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Copenhagen Report: Back From The UN Climate Conference

January 27, 2010

Originally published in Dublin local newspaper LifeTimes, 27/01/2010

In December, Copenhagen was host to the UN Conference on Climate Change. Rathmines resident Ian Clotworthy went with 25 other Irish people, and thousands from around the world, to support global justice there.

I have been involved for some two years in climate change activism. It is not because of polar bears, but because everything that all campaigners for social justice have ever fought for – food, clean water, shelter, security – is jeopardised by climate change. The conference was pegged to be the most important international meeting since World War II. With this in mind, we arrived in the Danish capital after a 40-hour bus journey on 10th December.

Through friends and from news reports I learned that this summit was scarcely more than a carbon trading fair with a conference attached. The proposals being put on the table by developed countries were led primarily by the interests of large agribusiness and fossil fuel industries. To explore them all would go beyond the scope of this article, but I will give one example of a process that demonstrates that their priorities are all wrong.

Global warming is not only caused by burning fossil fuels. Almost half of world emissions come from changing how land is used. When you drain a bog or fell a rainforest, for instance, the soil releases huge amounts of greenhouse gases. When small farms producing diverse crops are converted into vast fields growing one crop, the same happens.

Biochar is a method of storing carbon in the soil in the form of charcoal. Research indicates that this can improve soil fertility and strip carbon dioxide from the air. Many small-scale farming communities in south India have embraced it. However, governments of the western countries that emit the greatest amount of carbon dioxide favour the worldwide expansion of carbon trading. This creates a market for carbon credits whereby industries can pay other people to cut emissions rather than do it themselves.

The value of credits is determined by the price of carbon. In a place like south India, western transitional corporations would swoop in the moment that the value of credits exceeded the value of food crops. Millions of smallholders would be dispossessed of their land by companies that specialise in planting vast areas with one crop and burying charcoal for the purpose of earning carbon credits.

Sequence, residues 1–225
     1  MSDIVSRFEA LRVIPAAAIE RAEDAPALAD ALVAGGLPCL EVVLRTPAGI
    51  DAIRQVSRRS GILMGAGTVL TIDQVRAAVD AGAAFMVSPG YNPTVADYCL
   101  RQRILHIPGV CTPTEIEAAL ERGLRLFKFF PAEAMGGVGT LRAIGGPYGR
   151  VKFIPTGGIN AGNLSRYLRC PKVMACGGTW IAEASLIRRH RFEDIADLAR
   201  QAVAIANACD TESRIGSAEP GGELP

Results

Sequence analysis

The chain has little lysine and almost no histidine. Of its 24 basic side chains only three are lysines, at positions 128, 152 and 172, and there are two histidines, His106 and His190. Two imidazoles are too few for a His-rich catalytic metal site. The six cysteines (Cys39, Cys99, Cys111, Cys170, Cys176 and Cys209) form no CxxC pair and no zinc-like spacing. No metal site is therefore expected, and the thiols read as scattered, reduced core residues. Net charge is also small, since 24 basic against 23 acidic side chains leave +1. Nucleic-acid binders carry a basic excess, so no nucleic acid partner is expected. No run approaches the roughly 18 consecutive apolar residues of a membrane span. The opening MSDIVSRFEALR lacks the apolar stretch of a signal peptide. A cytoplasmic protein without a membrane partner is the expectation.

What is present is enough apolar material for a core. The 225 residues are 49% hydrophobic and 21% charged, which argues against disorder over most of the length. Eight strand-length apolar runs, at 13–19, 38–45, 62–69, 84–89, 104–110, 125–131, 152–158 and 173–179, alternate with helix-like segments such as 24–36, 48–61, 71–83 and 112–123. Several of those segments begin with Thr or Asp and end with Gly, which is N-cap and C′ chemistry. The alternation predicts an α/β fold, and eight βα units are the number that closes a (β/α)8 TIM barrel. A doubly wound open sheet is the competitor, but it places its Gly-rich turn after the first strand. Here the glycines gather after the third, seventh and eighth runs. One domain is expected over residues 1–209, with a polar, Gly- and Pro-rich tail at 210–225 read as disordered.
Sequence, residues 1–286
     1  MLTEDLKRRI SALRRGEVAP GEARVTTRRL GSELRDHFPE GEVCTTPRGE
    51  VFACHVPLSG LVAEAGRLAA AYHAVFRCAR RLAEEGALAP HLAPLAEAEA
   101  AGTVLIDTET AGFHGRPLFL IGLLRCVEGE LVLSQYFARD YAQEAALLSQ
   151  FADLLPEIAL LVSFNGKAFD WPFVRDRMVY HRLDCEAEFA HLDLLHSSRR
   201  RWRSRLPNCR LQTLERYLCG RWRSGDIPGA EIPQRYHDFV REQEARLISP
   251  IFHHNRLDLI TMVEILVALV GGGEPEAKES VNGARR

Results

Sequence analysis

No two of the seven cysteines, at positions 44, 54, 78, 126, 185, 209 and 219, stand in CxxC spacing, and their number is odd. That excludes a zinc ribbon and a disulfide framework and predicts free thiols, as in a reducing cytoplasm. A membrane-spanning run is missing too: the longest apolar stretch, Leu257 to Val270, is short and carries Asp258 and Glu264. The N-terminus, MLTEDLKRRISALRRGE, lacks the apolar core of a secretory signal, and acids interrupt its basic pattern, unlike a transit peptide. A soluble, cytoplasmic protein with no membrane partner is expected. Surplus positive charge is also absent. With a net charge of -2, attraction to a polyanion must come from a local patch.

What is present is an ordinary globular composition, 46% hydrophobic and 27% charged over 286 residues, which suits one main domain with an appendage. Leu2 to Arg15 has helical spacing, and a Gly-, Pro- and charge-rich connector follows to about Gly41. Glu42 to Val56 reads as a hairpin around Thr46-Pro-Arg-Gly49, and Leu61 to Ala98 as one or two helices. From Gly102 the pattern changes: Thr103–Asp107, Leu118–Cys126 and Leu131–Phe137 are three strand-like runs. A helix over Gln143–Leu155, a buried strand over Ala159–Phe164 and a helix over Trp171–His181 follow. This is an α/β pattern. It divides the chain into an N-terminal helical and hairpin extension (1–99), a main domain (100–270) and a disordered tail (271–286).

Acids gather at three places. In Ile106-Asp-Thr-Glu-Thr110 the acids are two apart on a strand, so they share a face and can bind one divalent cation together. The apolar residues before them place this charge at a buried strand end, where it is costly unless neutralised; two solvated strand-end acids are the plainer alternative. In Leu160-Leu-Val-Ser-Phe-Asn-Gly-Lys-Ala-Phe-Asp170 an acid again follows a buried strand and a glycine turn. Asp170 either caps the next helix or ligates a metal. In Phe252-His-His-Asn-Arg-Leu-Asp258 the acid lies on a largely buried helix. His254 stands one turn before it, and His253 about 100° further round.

Events so far suggest that the material to form the charcoal would come from logging rainforests and charring the trees. Peter Read, a major advocate of commercialised biochar, argues that land more than twice the size of India be turned over to producing wood for charcoal, despite the fact that almost any organic waste material, from straw to sewage, can be charred at a local level by the small farmers whose existence and property rights he ignores.

In this way you can see how a good idea that can cut emissions and improve the lives of the majority of the people in the world can be corrupted by vested interests into a scheme that ruins communities and increases emissions. The politicians are willing to play Russian roulette with the only climate we have, but they are not willing to introduce and sensibly regulate real solutions. The priority is profit for a few, not a habitable world for the many.

Klima Forum

In the Irish media the main focus was on Obama, and on the protests outside. But we were not just there to protest. For in the centre of the city, one of Copenhagen’s flagship conference centres was hosting Klima Forum – the Peoples’ Climate Summit. This was a gathering of people working in the global justice movement to share real solutions that can stabilise the climate and empower developing countries to prosper sustainably. Activists came from not only Europe but also Asia and South America. Since this was the one of the most important international meetings that has ever taken place, it was worth coming to share ideas, plans, networks and resources with each other. That way, everyone has taken home something new to build their campaigns.